Sunny weather never lasts in Britain – but which cars are best for tackling the deluge?
Petrol or diesel?
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The debate at the pumps has been raging for years. But how do you choose between petrol and diesel power?
Bring up this subject and you will quickly realise that there are no grey areas in drivers' minds on the matter of petrol versus diesel. As both diesel and petrol technology improves, the difference increasingly comes down to personal driving preferences.
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Petrol v Diesel, it can cause arguments
One group will insist that petrol is far better, largely because petrol cars are faster, quieter and cheaper. Diesel fans will, of course, highlight the vastly better fuel consumption plus the improved torque from a diesel engine, which gives good pulling power and less gear changing, making driving in everyday, rather than race-track, conditions a pleasant experience. There are also the muddy waters of exhaust emissions, with strong arguments on both sides of the fence.
So what is the objective truth? Diesel engines inherently use less fuel than petrol cars, and so will undoubtedly save you money in the long run. This is particularly true in town driving, if you make a lot of short runs, or if you do towing, where the differences are even more marked. On long trips at motorway speeds the differential closes. Diesel fuel in the UK is usually priced close to unleaded petrol, so figure out the difference in hard figures comes down to a straight MPG comparison. However, if you travel a lot through France, you'll find that diesel is approximately two-thirds the price of petrol, enhancing the savings even further.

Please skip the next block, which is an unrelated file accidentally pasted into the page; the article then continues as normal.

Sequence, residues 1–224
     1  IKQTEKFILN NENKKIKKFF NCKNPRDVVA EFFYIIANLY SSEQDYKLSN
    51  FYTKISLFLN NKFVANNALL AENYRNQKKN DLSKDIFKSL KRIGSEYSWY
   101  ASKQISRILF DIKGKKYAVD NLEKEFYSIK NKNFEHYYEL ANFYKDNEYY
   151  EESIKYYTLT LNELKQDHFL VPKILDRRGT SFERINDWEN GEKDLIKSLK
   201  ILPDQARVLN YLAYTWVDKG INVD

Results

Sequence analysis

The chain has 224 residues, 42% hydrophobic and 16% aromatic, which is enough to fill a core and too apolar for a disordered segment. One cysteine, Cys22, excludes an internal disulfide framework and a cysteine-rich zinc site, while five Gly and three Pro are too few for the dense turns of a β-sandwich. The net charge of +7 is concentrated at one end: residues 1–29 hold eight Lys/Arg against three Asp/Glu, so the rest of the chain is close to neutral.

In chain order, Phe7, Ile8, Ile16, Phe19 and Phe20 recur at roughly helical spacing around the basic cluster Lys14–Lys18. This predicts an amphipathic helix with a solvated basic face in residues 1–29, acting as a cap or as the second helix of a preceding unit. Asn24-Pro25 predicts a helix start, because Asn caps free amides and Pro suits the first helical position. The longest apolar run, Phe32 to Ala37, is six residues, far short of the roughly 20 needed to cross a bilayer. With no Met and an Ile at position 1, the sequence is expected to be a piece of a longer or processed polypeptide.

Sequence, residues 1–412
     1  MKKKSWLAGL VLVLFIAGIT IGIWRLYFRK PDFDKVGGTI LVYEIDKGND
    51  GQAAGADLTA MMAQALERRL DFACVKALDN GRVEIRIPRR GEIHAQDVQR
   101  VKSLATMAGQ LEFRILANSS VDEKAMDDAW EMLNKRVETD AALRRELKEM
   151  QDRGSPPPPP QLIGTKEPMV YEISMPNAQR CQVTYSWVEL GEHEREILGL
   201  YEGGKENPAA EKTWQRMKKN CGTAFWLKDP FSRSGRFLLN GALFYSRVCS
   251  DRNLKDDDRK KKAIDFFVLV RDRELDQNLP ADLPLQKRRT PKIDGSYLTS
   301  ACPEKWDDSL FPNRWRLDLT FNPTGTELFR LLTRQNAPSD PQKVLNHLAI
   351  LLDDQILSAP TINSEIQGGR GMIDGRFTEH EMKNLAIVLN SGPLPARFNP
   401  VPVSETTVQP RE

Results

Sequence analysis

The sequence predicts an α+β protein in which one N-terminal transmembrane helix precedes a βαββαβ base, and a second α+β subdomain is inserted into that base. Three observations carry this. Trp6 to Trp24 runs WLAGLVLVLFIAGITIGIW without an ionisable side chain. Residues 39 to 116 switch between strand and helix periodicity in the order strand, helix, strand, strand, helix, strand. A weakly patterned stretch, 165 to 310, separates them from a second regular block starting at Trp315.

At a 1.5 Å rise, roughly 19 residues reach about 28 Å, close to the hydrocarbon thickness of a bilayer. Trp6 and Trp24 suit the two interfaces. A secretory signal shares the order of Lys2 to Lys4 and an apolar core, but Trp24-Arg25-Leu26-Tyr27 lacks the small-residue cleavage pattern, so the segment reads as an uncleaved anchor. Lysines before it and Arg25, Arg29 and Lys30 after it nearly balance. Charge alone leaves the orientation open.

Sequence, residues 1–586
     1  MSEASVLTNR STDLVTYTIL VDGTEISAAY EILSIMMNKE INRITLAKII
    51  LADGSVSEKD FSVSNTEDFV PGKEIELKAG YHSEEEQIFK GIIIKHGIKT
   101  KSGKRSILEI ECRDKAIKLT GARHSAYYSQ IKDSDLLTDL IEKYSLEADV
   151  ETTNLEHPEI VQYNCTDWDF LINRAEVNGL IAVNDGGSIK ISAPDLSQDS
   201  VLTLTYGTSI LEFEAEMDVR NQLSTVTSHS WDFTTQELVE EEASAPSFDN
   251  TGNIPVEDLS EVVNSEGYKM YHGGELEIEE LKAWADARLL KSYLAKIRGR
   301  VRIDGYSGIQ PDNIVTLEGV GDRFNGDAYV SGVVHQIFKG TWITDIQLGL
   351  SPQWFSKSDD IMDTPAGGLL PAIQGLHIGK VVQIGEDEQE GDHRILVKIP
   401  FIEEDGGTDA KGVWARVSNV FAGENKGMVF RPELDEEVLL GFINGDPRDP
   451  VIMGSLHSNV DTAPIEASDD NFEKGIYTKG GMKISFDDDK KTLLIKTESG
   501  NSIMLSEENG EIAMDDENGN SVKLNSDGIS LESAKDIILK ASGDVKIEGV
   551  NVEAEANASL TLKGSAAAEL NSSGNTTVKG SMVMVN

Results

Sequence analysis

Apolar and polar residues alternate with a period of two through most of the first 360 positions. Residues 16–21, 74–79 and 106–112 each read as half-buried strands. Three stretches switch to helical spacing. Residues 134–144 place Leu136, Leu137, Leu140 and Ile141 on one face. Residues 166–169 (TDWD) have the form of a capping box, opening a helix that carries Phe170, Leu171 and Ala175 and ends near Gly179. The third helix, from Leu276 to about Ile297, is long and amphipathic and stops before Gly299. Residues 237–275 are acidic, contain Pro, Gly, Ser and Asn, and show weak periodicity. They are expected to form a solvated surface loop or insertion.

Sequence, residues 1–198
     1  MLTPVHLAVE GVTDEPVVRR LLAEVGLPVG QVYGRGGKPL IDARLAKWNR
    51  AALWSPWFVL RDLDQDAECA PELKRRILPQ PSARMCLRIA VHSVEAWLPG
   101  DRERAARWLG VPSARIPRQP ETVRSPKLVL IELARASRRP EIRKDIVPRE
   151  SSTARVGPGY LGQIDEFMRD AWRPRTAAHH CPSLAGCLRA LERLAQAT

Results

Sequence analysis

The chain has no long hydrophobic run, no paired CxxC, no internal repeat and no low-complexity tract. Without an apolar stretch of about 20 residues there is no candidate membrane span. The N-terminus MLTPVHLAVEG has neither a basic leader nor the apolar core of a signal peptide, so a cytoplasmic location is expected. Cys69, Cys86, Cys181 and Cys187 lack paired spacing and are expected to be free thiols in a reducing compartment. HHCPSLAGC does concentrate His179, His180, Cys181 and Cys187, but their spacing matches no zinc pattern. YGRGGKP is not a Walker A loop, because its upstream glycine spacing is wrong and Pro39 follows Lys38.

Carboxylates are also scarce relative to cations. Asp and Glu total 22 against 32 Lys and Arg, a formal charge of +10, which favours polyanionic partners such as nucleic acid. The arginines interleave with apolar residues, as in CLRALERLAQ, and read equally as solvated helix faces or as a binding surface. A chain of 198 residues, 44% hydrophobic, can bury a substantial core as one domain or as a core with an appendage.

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Ideal for diesel: Off-roaders - economy and low-down power pays huge dividends
There is also a commonly held belief that diesel engines will run for much higher distances than petrol engines before giving any trouble. Whether this is actually true of today's sophisticated engines is arguable, but a consequence of it is that there is a keen market for diesels that have covered more than 75,000 miles than for similar petrol-engined cars. It means that if you are a high mileage driver, a diesel car will be easier to sell when the time comes, than a petrol version.
There are disadvantages to owning a diesel car too. One is the noise, which despite many advances in recent years, is always louder when starting from cold and is certain to be noticed by all your neighbours on a winter's morning. A related problem is vibration - rarely a real problem today, but always more noticeable on cold starting than with an equivalent petrol engine.
Then there is the performance. A few years ago it was fair to say that a diesel offered poor performance compared with a petrol engine of a similar size. That's still true of what are referred to as normally-aspirated diesels - those without turbo-chargers. But virtually all new diesels cars today are turbo-charged which gives them particularly healthy performance in the mid-range. The result is that a modern turbo-diesel has the sort of get-up-and-go in fourth and fifth gear that knocks a petrol engine for six and is particularly useful for motorway driving.